If I am riding in a non-ORV area on state land, like the paved roads leading through Tahuya State Park, then I need a CYC registration and plate. This example is for a dual-registered bike, so I’m good here. I also need a Discover Pass, because it is state land + state road. The ORV tabs mean nothing here.
Question 2. Right?
Suppose I have street-registered dual-sport bike, like a Yam WR250R. I do not have ORV tabs. At Tahuya on the ORV trails, I don't need ORV tabs, because I have a CYC registration on the dual-sport (non-converted) bike. I also don’t need a Discover Pass to use the bike on these trails.
But if I am riding the paved roads leading through Tahuya State Park, then I need a CYC registration + plate (which I have in this example) and I also need a Discover Pass.
Question 3. Right?
Q4. What about USFS roads? Do I need CYC+Plate? Do I need an ORV? Discover pass?
In my mind, the Discover Pass is simple:
If you must be street legal to drive/ride where you are at and that is a location where a D-pass is required, then the D-pass is still required regardless of whether or not you have an ORV permit. The Discover Pass implies a use fee for State parks, and ORV tabs don’t suffice to meet the obligation. One exception are roads within DNR managed public land, which belong to the county. Discover Passes are not required on county roads. Many ORV trailheads are accessed thru DNR land via county roads. In that case, then no D-pass is required.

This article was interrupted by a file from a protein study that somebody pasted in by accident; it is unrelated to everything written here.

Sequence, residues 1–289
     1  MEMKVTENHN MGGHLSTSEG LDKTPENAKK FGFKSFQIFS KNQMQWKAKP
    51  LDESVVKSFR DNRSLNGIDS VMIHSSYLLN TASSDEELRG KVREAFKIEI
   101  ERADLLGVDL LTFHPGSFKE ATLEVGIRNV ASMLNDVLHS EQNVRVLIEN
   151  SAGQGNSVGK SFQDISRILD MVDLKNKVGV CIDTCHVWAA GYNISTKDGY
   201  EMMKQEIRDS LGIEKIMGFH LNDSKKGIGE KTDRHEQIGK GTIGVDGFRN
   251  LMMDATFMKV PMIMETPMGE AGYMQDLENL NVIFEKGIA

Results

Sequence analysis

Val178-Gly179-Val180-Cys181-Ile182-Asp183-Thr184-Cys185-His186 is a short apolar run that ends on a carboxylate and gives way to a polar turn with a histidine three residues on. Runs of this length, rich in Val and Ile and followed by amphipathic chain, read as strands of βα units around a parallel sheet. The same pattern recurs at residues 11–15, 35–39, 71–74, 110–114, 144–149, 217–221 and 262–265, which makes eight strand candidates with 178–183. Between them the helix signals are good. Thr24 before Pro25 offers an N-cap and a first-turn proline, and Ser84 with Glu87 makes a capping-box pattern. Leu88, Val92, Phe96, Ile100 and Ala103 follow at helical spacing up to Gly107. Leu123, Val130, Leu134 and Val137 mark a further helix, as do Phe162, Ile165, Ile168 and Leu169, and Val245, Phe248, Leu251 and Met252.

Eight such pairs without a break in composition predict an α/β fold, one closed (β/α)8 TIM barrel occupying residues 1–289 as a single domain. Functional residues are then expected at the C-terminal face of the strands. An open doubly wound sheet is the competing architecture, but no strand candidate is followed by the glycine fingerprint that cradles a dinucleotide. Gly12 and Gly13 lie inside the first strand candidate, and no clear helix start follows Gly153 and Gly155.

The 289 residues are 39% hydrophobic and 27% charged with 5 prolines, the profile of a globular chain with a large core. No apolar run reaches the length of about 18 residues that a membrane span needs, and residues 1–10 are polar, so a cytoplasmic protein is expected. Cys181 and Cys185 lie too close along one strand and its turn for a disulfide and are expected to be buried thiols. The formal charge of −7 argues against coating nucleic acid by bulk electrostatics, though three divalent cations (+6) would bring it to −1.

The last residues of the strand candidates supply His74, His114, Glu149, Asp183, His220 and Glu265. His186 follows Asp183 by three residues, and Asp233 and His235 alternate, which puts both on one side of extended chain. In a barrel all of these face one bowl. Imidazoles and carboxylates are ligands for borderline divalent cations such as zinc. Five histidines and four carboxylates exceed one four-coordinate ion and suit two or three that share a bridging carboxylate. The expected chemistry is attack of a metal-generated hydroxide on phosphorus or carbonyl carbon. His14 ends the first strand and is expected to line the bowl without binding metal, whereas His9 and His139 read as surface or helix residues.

I should think of the Discover Pass is just an overlay usage fee, for state parks. It applies to vehicles which must be licensed for the road.
If I transport bikes to an ORV park with a truck, I will certainly need a Discover pass for the truck, regardless as to the registration status of the bikes.
A dual-registered vehicle needs a D-pass anywhere within a D-pass area where the vehicle must also be street legal.
State Park roads.
WDFW roads **if you are required to be street legal to use them.
DNR roads **if you are required to be street legal to use them.
Question 5: Is all of this correct?
I'd appreciate clear answers.
I know this has probably been discussed many times, but I'm still not clear.
|12-10-2013, 07:45 AM||#2|
Joined: Oct 2007
Location: WA/AZ, USA
Before I would spend any time worrying about all those questions I would just buy all the permits. That's what the state wants anyway.
Beaten paths are for beaten men.
|12-10-2013, 08:46 AM||#3|
Joined: May 2010
Location: vancouver, wa
National Forests registration requirements